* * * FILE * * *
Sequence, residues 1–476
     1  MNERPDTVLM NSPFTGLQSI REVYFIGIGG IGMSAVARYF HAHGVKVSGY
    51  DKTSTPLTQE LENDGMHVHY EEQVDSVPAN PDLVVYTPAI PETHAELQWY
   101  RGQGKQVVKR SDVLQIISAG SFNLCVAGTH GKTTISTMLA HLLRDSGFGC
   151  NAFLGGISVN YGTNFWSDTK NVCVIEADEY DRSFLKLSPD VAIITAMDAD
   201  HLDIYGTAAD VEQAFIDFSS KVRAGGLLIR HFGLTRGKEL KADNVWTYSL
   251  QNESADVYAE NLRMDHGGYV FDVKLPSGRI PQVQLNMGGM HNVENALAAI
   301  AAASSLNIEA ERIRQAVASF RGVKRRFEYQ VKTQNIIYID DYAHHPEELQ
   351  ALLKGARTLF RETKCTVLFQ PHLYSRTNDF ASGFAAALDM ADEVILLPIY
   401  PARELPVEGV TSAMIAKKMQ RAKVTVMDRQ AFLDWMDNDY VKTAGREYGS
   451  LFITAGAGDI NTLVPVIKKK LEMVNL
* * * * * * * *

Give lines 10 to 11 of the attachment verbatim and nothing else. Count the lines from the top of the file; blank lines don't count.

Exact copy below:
   401  PARELPVEGV TSAMIAKKMQ RAKVTVMDRQ AFLDWMDNDY VKTAGREYGS
   451  LFITAGAGDI NTLVPVIKKK LEMVNL